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Goldberg and WWE's New Era vs. the Part Timers

March 20, 2017

Goldberg may not be done with WWE after WrestleMania 33.

 

If online buzz is true, the company is high on the current Universal champion due to the great reactions he's getting at live events. That's no surprise to fans of course, who have witnessed the resurrection of Goldberg's career and surely view it as one of the best comebacks in recent memory.

 

But along with the praise, comes the criticism.

 

It's a familiar story, and one that began when The Rock decided to leave for Hollywood. Then he came back. Then he left, came back, left, and so on. That trend continued with The Undertaker, and has been perfected by Brock Lesnar.

 

It definitely seems to be the age of the part-timer in WWE.

Goldberg is just the most recent addition to that list, and the backlash against him only just began in the past few weeks. When he defeated Kevin Owens at Fastlane to become the new Universal champion, Goldberg's star suddenly began to shine just a bit too brightly for his own good.

 

At least, that's what his critics thought. Evidently WWE disagrees, and now the part timer trend will continue at least for a while longer for the former face of WCW. It definitely seems to be the right move on paper; Goldberg is an attraction, and draws a great deal of interest.

 

He's in phenomenal shape, he's got the right attitude, and he's fit in like he never did before. The same company that couldn't showcase him properly back in 2004 is now doing a tremendous amount of justice to him and his character.

 

Why not maximize his popularity by booking him after Mania is over?

He has lost some of the crowd, depending on what city WWE runs, but that is to be expected. Owens is a popular heel and many likely feel Goldberg did nothing to earn the 
Universal title to begin with.

 

The fact that his match with Lesnar at WrestleMania needed the belt more than Owens versus Chris Jericho doesn't seem to matter much. Some fans are convinced that Goldberg has no business wearing Raw's top championship.

 

The aura of the part time Superstar hangs heavy over WWE, and it has for quite some time. Despite how much fans respect the veterans for what they've given to the business, the overall sentiment is that WWE belongs to the New Era, and that's the way it should be.

 

The problem of course does not lie with the part time stars, or with the New Era. The problem is with WWE, as the company continues to book itself as an entity that's dedicated to evolution, yet cannot let go of the past. The question of how WWE should handle its booking has been asked many times before of course, and the answer from New Era proponents has always been very simple.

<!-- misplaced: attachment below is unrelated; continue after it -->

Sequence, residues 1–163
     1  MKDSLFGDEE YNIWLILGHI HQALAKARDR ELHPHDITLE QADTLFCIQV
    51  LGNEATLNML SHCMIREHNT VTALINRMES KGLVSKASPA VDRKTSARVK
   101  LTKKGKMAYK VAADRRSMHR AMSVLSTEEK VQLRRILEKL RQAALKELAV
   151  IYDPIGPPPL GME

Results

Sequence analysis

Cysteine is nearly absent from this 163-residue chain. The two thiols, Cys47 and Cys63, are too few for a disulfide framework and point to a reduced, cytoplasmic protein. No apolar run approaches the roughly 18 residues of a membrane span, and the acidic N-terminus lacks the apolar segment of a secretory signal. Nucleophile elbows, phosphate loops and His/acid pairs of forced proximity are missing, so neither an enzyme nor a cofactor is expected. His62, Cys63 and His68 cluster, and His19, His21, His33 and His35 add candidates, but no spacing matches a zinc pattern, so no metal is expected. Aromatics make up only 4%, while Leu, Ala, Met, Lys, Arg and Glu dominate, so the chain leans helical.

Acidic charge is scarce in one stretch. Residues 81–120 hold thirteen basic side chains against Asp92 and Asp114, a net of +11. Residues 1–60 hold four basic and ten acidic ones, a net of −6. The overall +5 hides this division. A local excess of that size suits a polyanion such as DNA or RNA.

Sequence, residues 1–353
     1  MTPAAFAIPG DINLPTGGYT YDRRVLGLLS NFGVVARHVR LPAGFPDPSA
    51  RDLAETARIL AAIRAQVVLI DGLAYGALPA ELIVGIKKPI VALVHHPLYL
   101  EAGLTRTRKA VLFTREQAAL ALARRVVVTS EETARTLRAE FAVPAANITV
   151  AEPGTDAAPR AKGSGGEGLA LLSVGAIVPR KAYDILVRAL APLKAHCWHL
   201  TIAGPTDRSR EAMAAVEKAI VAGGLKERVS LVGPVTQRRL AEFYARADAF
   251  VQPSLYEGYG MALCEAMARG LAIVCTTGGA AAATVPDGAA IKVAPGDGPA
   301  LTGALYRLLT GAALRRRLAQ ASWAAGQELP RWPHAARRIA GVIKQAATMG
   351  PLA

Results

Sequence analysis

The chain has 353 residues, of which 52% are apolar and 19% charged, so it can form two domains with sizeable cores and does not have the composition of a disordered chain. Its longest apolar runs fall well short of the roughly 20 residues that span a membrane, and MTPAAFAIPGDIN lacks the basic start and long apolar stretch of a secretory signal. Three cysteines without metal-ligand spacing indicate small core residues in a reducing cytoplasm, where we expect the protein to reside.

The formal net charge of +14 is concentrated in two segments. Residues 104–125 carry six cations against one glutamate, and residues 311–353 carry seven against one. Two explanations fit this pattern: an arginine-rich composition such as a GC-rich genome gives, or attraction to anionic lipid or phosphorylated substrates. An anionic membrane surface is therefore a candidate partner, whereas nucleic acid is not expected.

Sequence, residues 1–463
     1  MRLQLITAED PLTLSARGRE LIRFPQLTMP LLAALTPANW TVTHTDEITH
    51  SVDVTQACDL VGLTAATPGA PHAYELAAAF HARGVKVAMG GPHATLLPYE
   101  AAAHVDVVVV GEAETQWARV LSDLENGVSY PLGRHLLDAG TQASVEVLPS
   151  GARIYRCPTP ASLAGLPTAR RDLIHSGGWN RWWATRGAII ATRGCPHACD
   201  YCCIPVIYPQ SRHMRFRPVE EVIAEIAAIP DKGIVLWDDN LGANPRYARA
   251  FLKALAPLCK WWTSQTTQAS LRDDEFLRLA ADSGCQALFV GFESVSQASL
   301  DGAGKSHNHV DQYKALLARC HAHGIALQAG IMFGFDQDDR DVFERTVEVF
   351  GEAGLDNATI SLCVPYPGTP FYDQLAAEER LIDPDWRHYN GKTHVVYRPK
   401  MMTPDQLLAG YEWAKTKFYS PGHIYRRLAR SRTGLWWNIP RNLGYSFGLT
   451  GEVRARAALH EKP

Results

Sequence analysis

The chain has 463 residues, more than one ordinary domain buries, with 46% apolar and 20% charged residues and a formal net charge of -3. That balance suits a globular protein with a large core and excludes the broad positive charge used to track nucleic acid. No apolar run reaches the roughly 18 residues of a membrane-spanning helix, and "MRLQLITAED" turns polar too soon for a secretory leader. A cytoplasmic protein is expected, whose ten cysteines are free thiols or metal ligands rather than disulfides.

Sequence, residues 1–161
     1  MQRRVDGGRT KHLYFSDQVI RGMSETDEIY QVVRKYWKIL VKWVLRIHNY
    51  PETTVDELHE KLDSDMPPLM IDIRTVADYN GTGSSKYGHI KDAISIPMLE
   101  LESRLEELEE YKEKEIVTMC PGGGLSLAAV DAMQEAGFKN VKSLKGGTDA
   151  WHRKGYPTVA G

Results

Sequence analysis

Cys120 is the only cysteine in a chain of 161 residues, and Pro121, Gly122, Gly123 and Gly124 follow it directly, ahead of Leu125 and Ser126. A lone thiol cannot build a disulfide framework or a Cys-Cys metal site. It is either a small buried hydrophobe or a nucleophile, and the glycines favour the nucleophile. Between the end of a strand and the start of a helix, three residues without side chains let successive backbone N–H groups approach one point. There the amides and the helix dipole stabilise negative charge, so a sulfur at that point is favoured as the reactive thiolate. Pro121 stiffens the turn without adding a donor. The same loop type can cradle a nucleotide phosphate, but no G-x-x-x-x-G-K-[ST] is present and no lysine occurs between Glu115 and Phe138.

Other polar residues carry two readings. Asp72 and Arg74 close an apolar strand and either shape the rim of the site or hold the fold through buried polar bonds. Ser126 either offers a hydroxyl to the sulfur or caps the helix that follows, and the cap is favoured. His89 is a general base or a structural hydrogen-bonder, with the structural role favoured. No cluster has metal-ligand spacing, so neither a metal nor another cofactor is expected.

Just give it to the new guys, they can do it.

 

But when those new guys hit a ceiling at every turn, then how much can they truly do? One train of thought suggests that it's up to the talents themselves to get over. They have to grab the spotlight when they're on camera, and they have to make the absolute best of their time.

 

However, no one in the New Era seems all that capable of getting red hot right now. There is no Stone Cold Steve Austin. There is no Triple H, and there is no Rock. That's not to say no one on Raw or SmackDown Live can break out, but it doesn't seem to be that anyone's breaking out right now.

 

Everyone is working within the WWE machine. Everyone has a role, and everyone is playing their role. There are no big money breakout stars because either no one is ready to do that, or WWE is just not allowing it to happen.

Freedom is the key. Austin was not controlled. Rocky was not told what to say. Triple H carried himself like a killer, because he was one.How many Superstars in WWE today can honestly say they're allowed to do exactly what they want to do, without fear of repercussion after the fact?

 

If that is indeed the case, and if WWE insists on looking to yesterday for today, then there can be no real tomorrow. The booking will continue the way it has for years, and the company will keep doing things in the exact same way. No one will stand a prayer of skyrocketing to the top, yet everyone will be happy to just play along.

 

WWE seems more interested in just presenting the product as a community of stars that all work together and cooperate, rather open the door for anyone to explode.

 

Of course that could all be just speculation, and nothing more. For that matter, the debate of the part timers versus the New Era could be blown out of proportion, as fans struggle to understand why WWE does business the way it does.

 

Despite what the truth is, WWE continues to move ahead. Sort of.

 

 

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